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New Sako pistol owner

Discussion in 'Sako Handguns' started by Klasta, Feb 13, 2022.

  1. Klasta

    Klasta Member

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    Good day gentlemen,

    I recently acquired a Sako target pistol with a .22lr barrel at a gunshop that clearly did not know what he was selling. Based on information I found on this and other sites, I'm assuming it's a 22-32 (flat top barrel frame, trigger stop screw) but I admit that I'm not 100% certain, as the only official information I could find about Sako's target pistols makes it seem like there's only the TriAce.

    The only thing that bothers me, is the grip. It's a bland, non-adjustable, ill-fitting aftermarket one (which might explain why the gunshop didn't really look into it's value).


    I already found a few places that still makes (seemingly decent) aftermarket grips for what seems to be this version, which got me wondering. If grips are still being made for it, over 30 years after it's production, wouldn't that imply that a lot of owners might have the stock grips just lying around? (Should anyone reading this be interested in selling his, hit me up!)

    Either way, if anybody could point me in the direction of some literature specifically about this pistol, I would be very thankful!
     

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    Unclekax likes this.

  2. Jeeps-And-Guns

    Jeeps-And-Guns Well-Known Member

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  3. Klasta

    Klasta Member

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    Thanks for the info! I did indeed come across that manual as well and am unable to find one for another Sako handgun. I initially came to the same conclusion! When I bought it, I even assumed it was a TriAce until a few days ago when one of the custom grip retailers required me to specify my model of Sako pistol and mine better fit the description of the "not triace but not otherwise specified" Sako handgun.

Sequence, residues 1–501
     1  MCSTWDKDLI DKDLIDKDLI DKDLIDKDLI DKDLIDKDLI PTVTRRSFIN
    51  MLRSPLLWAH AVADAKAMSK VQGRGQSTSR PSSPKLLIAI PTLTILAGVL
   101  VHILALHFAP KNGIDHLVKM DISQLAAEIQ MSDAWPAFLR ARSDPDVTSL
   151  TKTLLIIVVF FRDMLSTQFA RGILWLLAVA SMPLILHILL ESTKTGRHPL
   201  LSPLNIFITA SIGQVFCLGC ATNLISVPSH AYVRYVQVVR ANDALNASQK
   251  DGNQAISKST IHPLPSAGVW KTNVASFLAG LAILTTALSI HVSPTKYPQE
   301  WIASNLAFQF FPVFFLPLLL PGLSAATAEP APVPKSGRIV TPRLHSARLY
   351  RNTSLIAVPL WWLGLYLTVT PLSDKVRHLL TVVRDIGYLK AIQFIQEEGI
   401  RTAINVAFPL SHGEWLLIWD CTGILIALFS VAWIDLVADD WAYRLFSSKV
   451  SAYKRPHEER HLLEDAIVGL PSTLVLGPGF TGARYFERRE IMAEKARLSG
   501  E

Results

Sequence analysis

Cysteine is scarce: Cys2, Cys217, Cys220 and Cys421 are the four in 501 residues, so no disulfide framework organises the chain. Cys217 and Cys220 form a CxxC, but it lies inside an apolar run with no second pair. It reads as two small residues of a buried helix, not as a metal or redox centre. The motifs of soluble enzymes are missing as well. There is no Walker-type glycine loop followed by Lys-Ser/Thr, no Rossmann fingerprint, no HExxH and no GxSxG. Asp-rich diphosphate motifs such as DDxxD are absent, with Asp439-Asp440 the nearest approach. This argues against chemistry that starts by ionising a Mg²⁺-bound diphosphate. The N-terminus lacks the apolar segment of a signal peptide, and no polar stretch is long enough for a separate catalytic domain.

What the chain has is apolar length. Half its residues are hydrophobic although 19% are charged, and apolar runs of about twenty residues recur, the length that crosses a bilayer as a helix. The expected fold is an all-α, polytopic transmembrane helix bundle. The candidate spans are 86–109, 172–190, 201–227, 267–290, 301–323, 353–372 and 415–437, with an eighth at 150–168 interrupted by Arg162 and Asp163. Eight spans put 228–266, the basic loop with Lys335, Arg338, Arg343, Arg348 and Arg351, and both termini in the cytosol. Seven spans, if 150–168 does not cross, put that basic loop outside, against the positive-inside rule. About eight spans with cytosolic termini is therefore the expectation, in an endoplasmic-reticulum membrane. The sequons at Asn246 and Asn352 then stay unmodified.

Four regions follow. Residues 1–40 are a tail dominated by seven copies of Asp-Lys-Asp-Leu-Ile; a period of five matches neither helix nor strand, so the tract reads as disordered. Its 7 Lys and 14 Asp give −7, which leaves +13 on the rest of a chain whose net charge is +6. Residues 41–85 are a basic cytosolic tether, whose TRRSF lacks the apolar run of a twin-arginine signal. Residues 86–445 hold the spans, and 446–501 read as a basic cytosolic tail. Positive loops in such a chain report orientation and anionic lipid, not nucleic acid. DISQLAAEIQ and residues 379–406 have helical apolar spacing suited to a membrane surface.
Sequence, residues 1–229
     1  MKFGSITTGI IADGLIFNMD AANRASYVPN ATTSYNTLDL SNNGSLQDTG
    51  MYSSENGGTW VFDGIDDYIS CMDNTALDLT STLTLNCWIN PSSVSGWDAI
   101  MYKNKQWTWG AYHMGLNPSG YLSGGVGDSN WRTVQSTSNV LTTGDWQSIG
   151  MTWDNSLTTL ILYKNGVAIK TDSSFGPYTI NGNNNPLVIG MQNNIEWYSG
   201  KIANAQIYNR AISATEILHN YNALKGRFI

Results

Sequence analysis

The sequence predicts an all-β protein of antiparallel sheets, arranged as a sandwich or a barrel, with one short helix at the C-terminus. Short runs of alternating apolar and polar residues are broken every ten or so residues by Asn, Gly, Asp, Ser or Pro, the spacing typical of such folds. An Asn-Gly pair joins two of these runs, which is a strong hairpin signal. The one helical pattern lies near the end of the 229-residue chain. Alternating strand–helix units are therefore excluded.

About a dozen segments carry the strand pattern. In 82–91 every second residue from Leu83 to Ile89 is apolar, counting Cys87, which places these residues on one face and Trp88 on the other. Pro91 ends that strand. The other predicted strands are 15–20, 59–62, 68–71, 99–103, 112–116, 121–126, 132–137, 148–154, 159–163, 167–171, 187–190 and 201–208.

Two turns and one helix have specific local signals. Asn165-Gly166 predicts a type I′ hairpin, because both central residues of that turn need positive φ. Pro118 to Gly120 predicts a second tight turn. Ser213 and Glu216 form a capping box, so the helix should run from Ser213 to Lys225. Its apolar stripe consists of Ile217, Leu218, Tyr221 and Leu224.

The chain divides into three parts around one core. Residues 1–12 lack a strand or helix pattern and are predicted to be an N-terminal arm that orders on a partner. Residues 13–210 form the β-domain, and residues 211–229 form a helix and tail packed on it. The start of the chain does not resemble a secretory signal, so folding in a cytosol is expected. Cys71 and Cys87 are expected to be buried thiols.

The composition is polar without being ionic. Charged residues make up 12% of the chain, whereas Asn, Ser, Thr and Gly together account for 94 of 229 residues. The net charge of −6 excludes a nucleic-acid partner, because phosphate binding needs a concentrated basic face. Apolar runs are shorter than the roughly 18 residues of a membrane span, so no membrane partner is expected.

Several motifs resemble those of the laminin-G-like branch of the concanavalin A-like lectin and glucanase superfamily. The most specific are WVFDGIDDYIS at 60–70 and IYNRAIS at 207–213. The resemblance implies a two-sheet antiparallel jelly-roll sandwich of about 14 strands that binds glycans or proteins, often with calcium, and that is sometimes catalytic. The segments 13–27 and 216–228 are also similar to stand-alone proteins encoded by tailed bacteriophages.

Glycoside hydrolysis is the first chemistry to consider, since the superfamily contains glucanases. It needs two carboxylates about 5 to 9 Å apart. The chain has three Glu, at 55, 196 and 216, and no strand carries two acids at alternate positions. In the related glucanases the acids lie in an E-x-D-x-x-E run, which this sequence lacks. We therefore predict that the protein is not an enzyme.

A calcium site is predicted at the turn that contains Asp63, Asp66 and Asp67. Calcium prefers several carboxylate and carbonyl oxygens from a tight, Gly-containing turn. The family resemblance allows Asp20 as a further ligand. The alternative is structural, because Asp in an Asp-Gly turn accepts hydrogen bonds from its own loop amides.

After some more digging last night, I did find a pdf specifying serial ranges (I'd link it but the forum doesn't allow me to do that yet) which confirms that they also made a handgun called the 22-32, which fits the serial range on mine while also confirming some other posts on this forum and online online resources. It also lists a pistol called the Finnmaster with a serial number range of only 170 which seems to be a .22 single shot handgun made for the free pistol competition! It's also posted on their Finnish domain, so it's not some weird importer naming scheme either.

    There just seems to be even less info on the 22-32 than the little there is on the TriAce.
     
  4. Jeeps-And-Guns

    Jeeps-And-Guns Well-Known Member

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    Well I learned something then. I was only aware of the triace.
    It appears the 22-32 and the triace are very similar and looks almost the same. Seems from what I saw someone say, the grip angle is slightly different between the two as well as a "few small internal parts".
    That finnmaster is quite a different looking beast.
    Thanks for this thread as I now know more that I did before.
     
  5. GreyFox

    GreyFox Well-Known Member

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    Shows my ignorance, Where in Belguim are you? I thought owning handguns in europe was extremly diffucult, if not impossible?

    I've visited your country a few time, in and out of Germany, wonderful people, Beautiful train ride in the country.
     
  6. P04R

    P04R Well-Known Member

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    I can confirm that is a 22-32, predecessor to the Triace. Most notable difference is the magazines. Triace has a plastic magazine base plate while 22-32 has full metal magazine, and they aren't interchangeable. Triace has a frame mounted ejector while 22-32 ejector is a tab on the magazine left feed lip.

    Another distinctive feature is the bottom of the trigger guard. On triace it is milled parallel to the bore, on 22-32 it is angled.

    There are more smaller details, but those two are the most easy to spot in almost any picture.
     
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  7. BobGee

    BobGee Member

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    I’d add to visible distinguishing features that the TriAce has a longer under-lug ahead of the trigger guard (to help counter a potential for the conversion to rock on the locating screw - there is an internal adjusting screw at the front end of the extended lug to take up any slack) and a continuous rib along the top of the conversion from front to back sight (not sure of it's benefit - might be just cosmetic).

    A lot of 22-32s that come on the used gun market are mis-labeled as TriAces but armed with the above knowledge the particular type can be easily distinguished.

    Bob
     

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